The Transpacific Eastbound (TPEB) market is slower than it has been in years. The Journal of Commerce reports that US imports from Asia decreased 31% year-over-year in February, and are now at the lowest level since March 2020. The spot rate market reflects this slowdown; rates from Asia are now lower than they have been since the pre-pandemic years, and lower in most cases than ocean carrier breakeven rates.
The months between Lunar New Year and the usual summer surge are typically the slowest, the slack season. This current situation is more extreme, however, given the massive swing we’ve seen since the freight rate and volume heights of 2021 and early 2022. Importers are still working through high inventories and are hesitant to forecast when volumes may increase again. Economic uncertainty continues, and data on consumer spending remains mixed.
Annual ocean freight contracting is under way, but shippers are reluctant to sign for contract rates when the spot market is still declining, and significantly better deals can be found in the spot, at least in the short term. Many shippers are weighing how much volume to contract vs. how much volume to leave to the spot/floating market; some shippers, less optimistic about the economy and consumption this year, will decide to forgo contracts entirely this year in favor of floating rates. We’re likely to see reductions in contract rates in the coming weeks given the weak market.
Ocean carriers are still blanking sailings and canceling services to try to combat the rate decline. It’s easier for carriers to pull capacity than to add it back to the market, so there are concerns that any uptick in volume that materializes this year will send spot rates up quickly. With market rates as low as they are right now, any shift in volume is likely to result in a significant increase in spot rates and difficulty securing space.
On the Transatlantic Westbound trade, rates have been falling for the last few months, and are still adjusting; the weakening has been slower than the decline on the TPEB trade. There are major equipment availability issues across Europe, however, since Asia-Europe volumes are also down.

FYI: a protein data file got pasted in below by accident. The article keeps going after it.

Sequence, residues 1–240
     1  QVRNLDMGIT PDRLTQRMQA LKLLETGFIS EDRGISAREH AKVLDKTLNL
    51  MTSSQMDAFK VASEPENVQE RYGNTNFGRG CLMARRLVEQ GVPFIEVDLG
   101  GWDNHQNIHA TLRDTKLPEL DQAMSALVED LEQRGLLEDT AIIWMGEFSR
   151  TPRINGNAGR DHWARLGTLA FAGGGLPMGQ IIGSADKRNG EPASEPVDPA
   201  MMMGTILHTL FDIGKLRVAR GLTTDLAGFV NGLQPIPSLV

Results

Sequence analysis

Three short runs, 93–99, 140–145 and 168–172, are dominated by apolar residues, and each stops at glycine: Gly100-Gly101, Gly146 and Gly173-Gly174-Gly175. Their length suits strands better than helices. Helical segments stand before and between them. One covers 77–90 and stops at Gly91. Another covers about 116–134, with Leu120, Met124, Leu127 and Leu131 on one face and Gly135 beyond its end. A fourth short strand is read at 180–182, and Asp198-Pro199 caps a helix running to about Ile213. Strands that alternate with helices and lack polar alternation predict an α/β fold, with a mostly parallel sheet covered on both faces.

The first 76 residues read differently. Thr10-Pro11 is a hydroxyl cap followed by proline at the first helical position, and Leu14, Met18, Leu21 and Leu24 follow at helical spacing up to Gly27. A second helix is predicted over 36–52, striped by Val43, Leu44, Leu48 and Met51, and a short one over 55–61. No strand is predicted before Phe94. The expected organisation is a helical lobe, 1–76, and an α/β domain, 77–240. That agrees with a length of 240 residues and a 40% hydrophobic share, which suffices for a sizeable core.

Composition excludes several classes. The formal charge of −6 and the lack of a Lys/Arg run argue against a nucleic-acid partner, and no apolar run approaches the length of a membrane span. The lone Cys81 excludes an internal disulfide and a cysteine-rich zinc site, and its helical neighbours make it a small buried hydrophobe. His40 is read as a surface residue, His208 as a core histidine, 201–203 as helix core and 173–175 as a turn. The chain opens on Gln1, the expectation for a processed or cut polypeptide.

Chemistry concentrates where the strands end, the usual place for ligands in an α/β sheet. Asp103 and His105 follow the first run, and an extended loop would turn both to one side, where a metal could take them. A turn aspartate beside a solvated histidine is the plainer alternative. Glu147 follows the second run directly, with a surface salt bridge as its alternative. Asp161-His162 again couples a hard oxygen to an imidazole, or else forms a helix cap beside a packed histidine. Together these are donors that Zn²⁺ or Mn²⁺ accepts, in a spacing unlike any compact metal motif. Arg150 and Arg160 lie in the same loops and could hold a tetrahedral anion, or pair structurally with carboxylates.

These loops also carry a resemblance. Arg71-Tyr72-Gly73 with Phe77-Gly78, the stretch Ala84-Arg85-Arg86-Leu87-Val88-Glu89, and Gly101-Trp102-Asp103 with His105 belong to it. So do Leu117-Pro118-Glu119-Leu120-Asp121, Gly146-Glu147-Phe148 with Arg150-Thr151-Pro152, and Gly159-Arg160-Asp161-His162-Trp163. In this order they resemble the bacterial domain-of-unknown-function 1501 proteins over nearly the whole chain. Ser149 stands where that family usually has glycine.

US Exports remain relatively stable. Equipment availability is better overall than it was at the height of the pandemic, but there are still issues securing containers and chassis at some inland points. Congestion has cleared on the west coast as port labor contract negotiations approach the one-year mark; many shippers have shifted volumes from west coast to east and gulf coast gateways. Recent delays at LAX/LGB terminals have been attributed to labor slowdowns stemming from stalled negotiations. Where possible, we recommend avoiding US west coast gateways.
Your CVI team is here to assist you through these current market challenges. Ocean freight, air freight, domestic road/rail, and Customs Compliance – count on our dedicated professionals to care for you and your supply chain. Call us and let us show you what we can do!
VP, Pricing & Procurement
CV International, Inc.
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Rachel serves as Vice President, Pricing and Procurement for CVI. Her responsibilities include vendor selection, contract management and negotiation, transportation pricing, FMC compliance, and international agent network management.
Rachel began her career in international shipping with CMA-CGM America. She joined CVI in 2011, gaining experience in various departments with a focus on inside sales and marketing for the company. In 2014, Rachel assumed the role of Manager, Transportation, working on service procurement and development of client proposals. She has served in her current position since 2018.
A native of Norfolk, Virginia, Rachel earned her bachelor’s degree from the University of Michigan in 2005. She holds a Master of Business Administration with a concentration in Maritime and Supply Chain Management from Old Dominion University.
– Rachel Shames, VP, Pricing & Procurement, CVI
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